Cogito_Ergo_Es 6 years, 6 months ago

Diaz Moore said. “What’s important now is to we have to build community buy in, and make sure we move forward as one community — that even if we disagree with the decisions, we at least understand where they came from.”

And we don't. If you four keep regurgitating the task force recommendation mantra you will never “...rebuild trust in the school district,” (If you want to do that, start with looking more closely at Doll.) If you say 'community' you had better mean more than those that live on the east side or within the city limits and look to the entire USD497 district.

If you dare put off the future closings and consolidations of your east side schools without also looking to reopen Wakarusa Valley you will have to answer for it. (Not that I really expect anyone from SONS to do what is right or just.) Just because you now have a SONS heavy board, does not mean you can use it to your personal benefit. Good luck to you all!

Synjyn Smythe 6 years, 6 months ago

Odds on a bond issue passing in this economy: 10/1 against. Odds of SONS actually supporting a bond issue that would close one of their schools: 100/1 against.

lawslady 6 years, 6 months ago

Electronic formats for discussion? Before you go too far down that path, you MAY want to learn about the Kansas Open Meetings Act (KOMA). It may not allow the school board members to participate in an on-going, on-line, interactive chat with each other, at all times. A meeting subject to KOMA (an interactive discussion about board business involving a majority of the board) must be conducted openly AND prior notice of it must be provided to those requesting such notice. How does the school board give notice (as required by the KOMA) of a meeting that may "break out" 24/7? People cannot be expected to watch a computer board 24/7 so that they do not miss a meeting (discussion).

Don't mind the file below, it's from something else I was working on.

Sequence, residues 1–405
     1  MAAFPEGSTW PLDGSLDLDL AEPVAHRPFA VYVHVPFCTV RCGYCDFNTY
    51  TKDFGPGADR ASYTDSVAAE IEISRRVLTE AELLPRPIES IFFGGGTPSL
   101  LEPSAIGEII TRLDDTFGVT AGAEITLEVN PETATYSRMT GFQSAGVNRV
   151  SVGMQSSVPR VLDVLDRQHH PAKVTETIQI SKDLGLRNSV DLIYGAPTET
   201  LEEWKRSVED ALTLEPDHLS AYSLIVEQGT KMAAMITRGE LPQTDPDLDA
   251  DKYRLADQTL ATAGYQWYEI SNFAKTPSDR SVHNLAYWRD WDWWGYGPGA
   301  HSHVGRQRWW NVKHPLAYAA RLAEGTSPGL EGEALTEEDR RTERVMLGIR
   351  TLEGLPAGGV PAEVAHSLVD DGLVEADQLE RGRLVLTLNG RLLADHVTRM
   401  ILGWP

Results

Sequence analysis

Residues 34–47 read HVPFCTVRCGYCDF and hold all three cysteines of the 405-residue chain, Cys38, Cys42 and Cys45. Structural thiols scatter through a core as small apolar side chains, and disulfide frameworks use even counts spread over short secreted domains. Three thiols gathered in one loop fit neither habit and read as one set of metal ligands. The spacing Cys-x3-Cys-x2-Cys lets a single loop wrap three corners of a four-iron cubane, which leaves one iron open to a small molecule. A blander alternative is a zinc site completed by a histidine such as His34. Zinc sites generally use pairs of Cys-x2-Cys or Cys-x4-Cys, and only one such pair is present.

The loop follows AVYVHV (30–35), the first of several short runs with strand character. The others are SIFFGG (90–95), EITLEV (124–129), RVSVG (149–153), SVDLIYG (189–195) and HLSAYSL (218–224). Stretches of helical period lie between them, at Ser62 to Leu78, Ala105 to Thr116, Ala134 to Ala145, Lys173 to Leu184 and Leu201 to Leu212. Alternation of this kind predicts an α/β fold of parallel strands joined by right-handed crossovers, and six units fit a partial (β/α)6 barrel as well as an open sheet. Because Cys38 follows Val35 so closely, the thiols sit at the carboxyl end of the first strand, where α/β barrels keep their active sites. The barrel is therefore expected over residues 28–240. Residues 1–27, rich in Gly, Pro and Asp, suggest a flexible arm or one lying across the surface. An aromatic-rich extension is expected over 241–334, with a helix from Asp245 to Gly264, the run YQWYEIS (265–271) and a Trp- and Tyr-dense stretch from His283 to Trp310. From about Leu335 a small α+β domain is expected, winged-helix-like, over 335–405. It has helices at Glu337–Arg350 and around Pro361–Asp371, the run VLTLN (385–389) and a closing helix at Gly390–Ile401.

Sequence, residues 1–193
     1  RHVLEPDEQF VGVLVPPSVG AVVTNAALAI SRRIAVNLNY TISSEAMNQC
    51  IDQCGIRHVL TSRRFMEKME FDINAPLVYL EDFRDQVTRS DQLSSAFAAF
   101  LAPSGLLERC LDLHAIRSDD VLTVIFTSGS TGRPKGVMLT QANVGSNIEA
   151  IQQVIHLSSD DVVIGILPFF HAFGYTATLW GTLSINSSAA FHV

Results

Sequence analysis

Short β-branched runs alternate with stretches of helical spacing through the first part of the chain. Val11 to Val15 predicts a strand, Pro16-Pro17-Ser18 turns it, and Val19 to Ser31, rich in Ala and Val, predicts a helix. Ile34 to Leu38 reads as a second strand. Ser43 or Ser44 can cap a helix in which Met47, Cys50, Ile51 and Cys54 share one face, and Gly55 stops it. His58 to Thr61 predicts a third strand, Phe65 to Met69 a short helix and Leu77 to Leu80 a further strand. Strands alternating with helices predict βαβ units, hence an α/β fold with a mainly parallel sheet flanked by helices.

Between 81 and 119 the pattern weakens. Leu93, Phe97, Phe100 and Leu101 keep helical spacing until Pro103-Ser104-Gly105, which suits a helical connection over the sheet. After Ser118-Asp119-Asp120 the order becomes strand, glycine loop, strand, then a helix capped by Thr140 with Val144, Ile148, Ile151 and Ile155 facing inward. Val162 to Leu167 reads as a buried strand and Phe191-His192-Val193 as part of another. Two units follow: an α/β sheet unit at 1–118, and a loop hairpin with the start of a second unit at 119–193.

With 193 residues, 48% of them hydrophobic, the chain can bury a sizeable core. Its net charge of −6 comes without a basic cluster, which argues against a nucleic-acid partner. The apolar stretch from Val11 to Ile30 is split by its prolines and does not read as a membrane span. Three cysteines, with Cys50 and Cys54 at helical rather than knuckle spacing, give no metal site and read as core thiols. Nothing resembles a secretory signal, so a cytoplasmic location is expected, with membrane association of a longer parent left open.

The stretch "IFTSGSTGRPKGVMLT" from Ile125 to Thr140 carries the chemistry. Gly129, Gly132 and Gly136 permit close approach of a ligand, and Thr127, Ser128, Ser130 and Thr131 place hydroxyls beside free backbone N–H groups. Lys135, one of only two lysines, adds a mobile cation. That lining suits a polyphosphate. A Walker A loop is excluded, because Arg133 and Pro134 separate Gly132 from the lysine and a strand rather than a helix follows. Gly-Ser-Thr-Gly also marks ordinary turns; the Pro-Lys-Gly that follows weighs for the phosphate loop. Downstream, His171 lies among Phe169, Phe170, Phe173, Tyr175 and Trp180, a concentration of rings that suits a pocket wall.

nativeson 6 years, 6 months ago

KOMA does apply to online discussions, and it will be important for school board members to remember that ongoing e-mail exchanges that have a quorum of members is a clear violation of the act.

Looking to blame the superintendent for the current state financial crisis is short-sighted. I find it interesting that all focus is on the local school board members and not your legislative representatives in Topeka. The funding per pupil is now being pulled back to pre-2007 levels and this is unsustainable. I am sure no superintendent is ever brought in to be a hack, and they are collectively facing the most difficult funding situation in recent history.

begin60 6 years, 6 months ago

Congratulations to the new school board! It sounds like the small percentage of voters who showed up at the polls used good judgment.